A freelance writer and traveller who likes to explore the spiritual, literary and hidden gems of Adelaide and beyond.
Songs in the melancholy hour
Having heard little about Stephen Cummings post The Sports (apart from a Medibank Private commercial, which I dare not mention). I attended his most recent show with an open mind. Interviewing him a few days previous for Weekend Notes he sounded quite affable and keen to promote his new CD, Nothing to be frightened of. He played at the Wheatsheaf Hotel on September 11th.
The stage at the Wheatsheaf Hotel is set with a few old rugs and a few chairs and amps, in a room with walls of galvo. It has a retro feel with old mismatched tables and chairs. This large pub was packed on a Thursday night. A no pokies venue, it has a large open feel and relaxed vibe. Be warned Stephen Cummings peppers his performance with a collection of old jokes. Some of them hit the mark, but perhaps because of his wandering, quirky style, some don't. He relates 'I let my mind go wandering…' His style does wander, into past encounters, musical riffs and old acquaintances and songs.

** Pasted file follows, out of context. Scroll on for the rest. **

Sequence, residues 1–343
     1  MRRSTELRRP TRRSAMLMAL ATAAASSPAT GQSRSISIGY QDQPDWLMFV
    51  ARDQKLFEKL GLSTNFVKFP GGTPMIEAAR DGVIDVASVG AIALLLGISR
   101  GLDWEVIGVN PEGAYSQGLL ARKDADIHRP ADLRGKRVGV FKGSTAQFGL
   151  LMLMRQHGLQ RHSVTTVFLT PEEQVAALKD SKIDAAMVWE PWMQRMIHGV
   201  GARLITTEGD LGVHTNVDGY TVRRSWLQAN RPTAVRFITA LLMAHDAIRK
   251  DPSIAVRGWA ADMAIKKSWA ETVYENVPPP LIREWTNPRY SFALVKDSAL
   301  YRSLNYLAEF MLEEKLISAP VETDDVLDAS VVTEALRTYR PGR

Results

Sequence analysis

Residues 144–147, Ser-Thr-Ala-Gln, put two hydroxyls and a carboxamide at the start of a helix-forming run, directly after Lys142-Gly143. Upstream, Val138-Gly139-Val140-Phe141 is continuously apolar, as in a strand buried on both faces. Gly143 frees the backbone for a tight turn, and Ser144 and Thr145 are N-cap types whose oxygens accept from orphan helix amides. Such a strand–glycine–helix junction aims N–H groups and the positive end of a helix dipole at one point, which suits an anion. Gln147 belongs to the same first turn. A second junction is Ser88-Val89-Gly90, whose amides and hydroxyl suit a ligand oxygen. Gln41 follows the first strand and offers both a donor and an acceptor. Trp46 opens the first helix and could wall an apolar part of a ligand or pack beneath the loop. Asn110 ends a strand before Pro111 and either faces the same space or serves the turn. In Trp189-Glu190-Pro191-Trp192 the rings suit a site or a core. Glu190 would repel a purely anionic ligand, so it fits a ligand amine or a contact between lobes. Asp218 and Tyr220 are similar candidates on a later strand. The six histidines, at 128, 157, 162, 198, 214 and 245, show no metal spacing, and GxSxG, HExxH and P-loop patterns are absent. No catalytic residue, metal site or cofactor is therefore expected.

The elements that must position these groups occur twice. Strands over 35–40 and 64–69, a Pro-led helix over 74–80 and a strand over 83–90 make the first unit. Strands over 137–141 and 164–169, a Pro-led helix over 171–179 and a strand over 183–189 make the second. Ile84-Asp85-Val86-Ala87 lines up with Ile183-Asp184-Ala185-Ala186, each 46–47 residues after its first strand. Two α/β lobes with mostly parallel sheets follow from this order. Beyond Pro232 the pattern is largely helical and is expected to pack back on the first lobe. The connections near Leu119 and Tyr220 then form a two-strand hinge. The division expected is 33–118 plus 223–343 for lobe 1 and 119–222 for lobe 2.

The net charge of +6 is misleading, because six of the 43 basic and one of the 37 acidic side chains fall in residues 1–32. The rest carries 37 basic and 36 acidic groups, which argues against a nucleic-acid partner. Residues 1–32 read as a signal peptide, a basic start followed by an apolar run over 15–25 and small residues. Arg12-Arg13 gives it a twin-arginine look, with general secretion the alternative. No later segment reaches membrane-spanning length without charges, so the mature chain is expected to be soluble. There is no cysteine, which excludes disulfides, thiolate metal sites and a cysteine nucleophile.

He sits sometimes as with his face to the sun, while waiting for his musician colleague Shane O'Mara to finish tuning his guitar. Then he turns his attention to singing his laments. His back catalogue as a solo singer was a mystery to me. But what a find this turned out to be. I can't believe his music has eluded me this long. He led off the show with 'Love comes back to haunt me' from the album A new kind of blue.
A song of such beauty and it has to be said, lament. I was struck and awed by the words and sentiment. I was sitting with a few other long-time fans that knew all of his songs. They were astonished that I knew none of his back catalogue. They identified Stephen as always having a sad and blue feel to his songs. Other standouts to seep into my consciousness were 'Some prayers are answered' and 'Melancholy Hour'.
Despite telling me on the phone that he played the less obvious songs by the Sports he came out with their classic, 'Don't Throw Stones'. There were a few tracks from the new album, still fitting in with the lonely and soulful vibe. Towards the end of his second bracket of songs Stephen lost his way on a few songs and was annoyed with himself at doing so. He mumbled a few apologies and finished with another perfect song lament. I am now left to reach back into this fine catalogue from this singer, songwriter and craftsman.